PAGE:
Journal of the House of Lords: Volume 9, 1646. Originally published by His Majesty's Stationery Office, London, 1767-1830.
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DIE Martis, 7 die Septembris.
PRAYERS, by Mr. Carter.
Domini præsentes fuerunt:
Comes Manchester, Speaker.
Ordinance to bring in the Arrears out of the Court of Wards.
An Ordinance was this Day presented to the House, for bringing in the Arrears due out of the Court of Wards; and read Twice, and committed to the whole House, and afterwards read, and Agreed.
Paper from the Scots Commissioners.
The Lord Viscount Say & Seale reported a Paper from the Scotts Commissioners, which was read; shewing their Concurrence in sending the Propositions to the King this Day. (Here enter it.)
Message from the H. C. with a Letter to the Commissioners that are to deliver the Propositions to the King, and for them all to attend that Service;—with a Declaration to the Scots Commissioners, about them;— and with an Order.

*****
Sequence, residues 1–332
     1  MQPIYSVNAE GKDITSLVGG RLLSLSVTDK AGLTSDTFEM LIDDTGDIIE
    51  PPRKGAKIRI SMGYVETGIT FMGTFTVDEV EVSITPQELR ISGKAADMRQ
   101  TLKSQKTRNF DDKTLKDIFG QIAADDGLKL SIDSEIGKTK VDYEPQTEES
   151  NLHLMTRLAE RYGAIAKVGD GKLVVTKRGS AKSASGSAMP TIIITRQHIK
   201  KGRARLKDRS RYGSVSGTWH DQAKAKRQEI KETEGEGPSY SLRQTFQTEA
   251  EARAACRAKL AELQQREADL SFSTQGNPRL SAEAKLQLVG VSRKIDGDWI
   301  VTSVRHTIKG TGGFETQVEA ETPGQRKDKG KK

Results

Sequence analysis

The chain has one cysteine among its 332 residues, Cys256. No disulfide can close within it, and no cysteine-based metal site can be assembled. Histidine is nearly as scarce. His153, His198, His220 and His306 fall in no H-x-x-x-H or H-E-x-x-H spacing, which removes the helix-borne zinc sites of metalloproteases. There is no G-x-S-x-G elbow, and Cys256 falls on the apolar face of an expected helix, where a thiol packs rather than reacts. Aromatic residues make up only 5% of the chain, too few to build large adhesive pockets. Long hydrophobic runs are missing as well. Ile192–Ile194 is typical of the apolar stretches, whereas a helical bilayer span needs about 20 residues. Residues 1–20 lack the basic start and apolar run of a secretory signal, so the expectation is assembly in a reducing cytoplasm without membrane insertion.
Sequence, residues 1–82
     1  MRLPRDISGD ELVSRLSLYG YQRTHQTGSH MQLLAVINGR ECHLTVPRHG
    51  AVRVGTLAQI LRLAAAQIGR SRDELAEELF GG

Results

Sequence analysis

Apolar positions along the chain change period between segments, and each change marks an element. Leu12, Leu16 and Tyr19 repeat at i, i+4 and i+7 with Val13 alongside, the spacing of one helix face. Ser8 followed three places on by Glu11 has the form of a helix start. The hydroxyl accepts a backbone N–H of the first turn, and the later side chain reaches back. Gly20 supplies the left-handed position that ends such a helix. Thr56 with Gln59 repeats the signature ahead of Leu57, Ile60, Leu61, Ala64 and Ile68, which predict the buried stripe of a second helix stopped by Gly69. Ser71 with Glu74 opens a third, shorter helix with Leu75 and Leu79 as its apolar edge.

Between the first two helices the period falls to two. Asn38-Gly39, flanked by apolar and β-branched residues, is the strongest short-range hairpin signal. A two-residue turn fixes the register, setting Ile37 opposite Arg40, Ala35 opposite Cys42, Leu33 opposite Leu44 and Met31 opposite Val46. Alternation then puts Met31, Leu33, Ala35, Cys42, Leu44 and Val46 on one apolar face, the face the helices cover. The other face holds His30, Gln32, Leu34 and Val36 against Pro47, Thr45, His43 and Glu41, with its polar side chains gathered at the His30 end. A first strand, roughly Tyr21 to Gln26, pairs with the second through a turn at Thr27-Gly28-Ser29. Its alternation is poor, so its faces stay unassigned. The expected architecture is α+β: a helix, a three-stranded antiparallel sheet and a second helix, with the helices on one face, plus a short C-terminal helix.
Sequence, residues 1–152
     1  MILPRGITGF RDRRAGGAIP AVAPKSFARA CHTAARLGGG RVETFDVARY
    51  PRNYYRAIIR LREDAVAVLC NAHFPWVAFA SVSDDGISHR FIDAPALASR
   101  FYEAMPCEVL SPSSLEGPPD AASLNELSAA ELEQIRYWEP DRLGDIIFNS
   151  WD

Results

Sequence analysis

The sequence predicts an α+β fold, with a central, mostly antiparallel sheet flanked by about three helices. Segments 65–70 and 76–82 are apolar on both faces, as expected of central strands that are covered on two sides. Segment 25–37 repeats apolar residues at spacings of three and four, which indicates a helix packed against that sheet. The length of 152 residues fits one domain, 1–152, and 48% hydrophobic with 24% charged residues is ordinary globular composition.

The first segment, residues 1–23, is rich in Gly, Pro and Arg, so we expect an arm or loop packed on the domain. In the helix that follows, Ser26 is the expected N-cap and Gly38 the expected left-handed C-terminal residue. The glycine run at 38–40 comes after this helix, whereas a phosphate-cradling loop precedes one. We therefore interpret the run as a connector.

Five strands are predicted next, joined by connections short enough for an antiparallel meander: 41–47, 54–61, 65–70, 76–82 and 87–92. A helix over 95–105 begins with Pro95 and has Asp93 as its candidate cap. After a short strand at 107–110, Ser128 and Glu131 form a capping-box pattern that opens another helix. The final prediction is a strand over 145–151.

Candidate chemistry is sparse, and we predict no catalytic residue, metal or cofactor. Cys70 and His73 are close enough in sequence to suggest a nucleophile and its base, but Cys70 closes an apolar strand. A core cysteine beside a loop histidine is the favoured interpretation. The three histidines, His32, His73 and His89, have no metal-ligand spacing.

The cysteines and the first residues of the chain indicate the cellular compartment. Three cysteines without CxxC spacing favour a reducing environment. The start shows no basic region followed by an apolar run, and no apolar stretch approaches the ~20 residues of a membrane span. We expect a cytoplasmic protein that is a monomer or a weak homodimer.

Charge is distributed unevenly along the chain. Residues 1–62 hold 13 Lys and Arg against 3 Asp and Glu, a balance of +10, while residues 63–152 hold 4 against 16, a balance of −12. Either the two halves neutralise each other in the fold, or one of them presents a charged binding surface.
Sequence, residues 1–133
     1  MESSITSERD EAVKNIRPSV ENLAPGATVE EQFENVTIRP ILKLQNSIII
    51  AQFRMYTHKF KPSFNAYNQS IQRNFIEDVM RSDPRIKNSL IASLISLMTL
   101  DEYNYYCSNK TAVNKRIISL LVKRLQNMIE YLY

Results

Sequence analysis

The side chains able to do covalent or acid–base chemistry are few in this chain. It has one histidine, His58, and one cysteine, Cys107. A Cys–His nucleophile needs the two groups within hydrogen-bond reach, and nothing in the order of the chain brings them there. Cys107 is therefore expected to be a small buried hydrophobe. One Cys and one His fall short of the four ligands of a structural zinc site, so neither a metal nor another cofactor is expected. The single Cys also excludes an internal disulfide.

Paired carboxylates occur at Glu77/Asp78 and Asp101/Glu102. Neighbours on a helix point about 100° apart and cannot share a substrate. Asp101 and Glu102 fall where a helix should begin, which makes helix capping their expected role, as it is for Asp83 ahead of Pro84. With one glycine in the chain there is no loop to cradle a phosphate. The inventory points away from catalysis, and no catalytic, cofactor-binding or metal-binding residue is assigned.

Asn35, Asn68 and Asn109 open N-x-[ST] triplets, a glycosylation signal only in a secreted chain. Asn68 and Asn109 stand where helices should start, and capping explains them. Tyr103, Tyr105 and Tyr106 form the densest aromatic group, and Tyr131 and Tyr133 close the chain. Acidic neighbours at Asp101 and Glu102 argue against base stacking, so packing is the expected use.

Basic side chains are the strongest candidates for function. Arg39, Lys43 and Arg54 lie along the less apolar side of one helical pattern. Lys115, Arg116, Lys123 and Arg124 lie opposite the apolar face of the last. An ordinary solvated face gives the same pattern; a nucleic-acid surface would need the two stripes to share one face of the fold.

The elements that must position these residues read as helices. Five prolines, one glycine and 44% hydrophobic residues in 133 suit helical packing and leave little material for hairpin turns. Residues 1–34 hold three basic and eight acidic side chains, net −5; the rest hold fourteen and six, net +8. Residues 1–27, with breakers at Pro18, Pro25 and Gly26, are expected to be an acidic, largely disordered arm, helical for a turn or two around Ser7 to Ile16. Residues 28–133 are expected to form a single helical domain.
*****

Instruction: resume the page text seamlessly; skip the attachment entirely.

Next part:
A Message was sent to the House of Commons, by Sir Wm. Armyn Knight; who brought up divers Particulars, wherein their Lordships Concurrence is desired:
1. A Letter to be sent to the Commissioners that are to deliver the Propositions to the King.
Agreed to, with an Addition.
2. That the House of Commons have commanded all their Members that are Commissioners to be present, to deliver the Propositions to the King; and they desire their Lordships will do the like to their Lordships Members.
3. A Declaration for the better satisfying the Scotts Commissioners in what they scruple concerning the Proviso added to the Propositions. (Here enter it.)
4. An Order to continue the late Mayor of Worcester, until both Houses give further Order.
The Answer returned was:
That this House agrees to the Declaration to be sent to the Scotch Commissioners: To the rest, they will send an Answer by Messengers of their own.
Col. Baynes to be removed from Woodstreet Compter to Petre House.
Upon Information, "That there are Two or Three Prisoners dead of the Plague in Wood-streat Counter, where Colonel Baynes is now a Prisoner:"
It is Ordered, by the Lords in Parliament assembled, That the said Colonel Baynes be forthwith removed from Wood-streat Counter, unto the Lord Peter's House, in Aldersgate-streete, there to remain a Prisoner, under like Restraint and Commitment as he now stands committed to Wood-streete Counter.